This report, using data from a range of authoritative sources, studies the long-term postwar economic growth of the industrialised North and shows that this has fallen continuously, with only brief and limited interruptions, since at least the early 1960s.
The trend is extremely strong and includes all major Northern economies without exception. It is confirmed by a wide range of different measures of GDP and growth including Purchasing-Power-Parity (PPP) and standard real GDP measures, and a range of methods for aggregating the data from different countries. It is thus an extremely well-confirmed historical trend.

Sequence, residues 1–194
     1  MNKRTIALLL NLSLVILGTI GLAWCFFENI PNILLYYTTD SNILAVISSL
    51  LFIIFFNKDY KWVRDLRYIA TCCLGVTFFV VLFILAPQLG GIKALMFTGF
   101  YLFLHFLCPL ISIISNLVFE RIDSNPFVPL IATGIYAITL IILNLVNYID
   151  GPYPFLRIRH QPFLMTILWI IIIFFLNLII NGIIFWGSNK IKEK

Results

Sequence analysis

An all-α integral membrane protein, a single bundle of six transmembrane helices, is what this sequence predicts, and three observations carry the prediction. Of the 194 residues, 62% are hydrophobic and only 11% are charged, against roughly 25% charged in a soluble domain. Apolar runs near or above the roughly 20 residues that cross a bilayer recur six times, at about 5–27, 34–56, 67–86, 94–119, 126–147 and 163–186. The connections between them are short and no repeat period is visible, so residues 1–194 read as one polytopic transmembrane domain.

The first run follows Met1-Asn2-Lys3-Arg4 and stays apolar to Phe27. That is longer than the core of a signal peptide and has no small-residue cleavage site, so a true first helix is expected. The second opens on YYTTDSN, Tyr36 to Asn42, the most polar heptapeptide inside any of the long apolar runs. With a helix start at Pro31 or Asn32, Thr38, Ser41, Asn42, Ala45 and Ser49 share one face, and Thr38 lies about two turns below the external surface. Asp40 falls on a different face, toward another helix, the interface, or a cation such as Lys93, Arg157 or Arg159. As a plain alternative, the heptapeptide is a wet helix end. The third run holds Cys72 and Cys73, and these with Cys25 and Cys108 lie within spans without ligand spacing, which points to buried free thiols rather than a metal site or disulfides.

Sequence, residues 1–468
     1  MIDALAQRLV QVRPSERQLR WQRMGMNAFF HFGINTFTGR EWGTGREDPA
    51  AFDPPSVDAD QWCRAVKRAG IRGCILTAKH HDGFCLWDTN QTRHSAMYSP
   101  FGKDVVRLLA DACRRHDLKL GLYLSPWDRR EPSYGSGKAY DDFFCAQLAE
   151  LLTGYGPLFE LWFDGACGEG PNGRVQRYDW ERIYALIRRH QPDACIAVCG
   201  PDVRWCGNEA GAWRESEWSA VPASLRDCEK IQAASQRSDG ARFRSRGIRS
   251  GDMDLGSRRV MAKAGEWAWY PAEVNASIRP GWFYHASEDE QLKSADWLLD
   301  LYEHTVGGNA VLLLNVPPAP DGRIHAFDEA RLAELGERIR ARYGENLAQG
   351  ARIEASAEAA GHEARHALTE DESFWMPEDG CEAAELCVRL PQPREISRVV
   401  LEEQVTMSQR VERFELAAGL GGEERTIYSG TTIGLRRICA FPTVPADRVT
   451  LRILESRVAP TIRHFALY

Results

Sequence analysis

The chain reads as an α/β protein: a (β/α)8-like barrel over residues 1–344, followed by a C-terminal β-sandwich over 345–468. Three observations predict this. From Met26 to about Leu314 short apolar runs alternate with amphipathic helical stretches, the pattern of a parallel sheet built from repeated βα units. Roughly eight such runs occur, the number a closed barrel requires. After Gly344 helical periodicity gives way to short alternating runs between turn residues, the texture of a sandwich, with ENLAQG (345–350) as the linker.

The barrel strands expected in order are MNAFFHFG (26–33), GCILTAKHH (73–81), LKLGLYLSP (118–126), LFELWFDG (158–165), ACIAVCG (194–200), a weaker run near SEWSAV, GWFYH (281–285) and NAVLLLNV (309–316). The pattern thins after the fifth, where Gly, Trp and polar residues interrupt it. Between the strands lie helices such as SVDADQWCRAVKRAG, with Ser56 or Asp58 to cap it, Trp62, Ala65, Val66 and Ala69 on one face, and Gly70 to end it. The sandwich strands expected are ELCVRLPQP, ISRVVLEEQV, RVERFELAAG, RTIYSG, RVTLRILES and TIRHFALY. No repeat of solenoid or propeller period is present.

This result sheds new light on the current difficulties of the world economy and has many implications. It conflicts with any idea that the present crisis or ‘Great Depression’ as it is increasingly referred to even in mainstream literature, originates in some recent upset such as the 2008 crash, or in the incidence of, or problems created by, a putative new régime of accumulation such as neoliberalism or financialisation. In fact, the roots of the present crisis lie in a long historical process which set in very shortly into the ‘Golden Age’ of postwar expansion.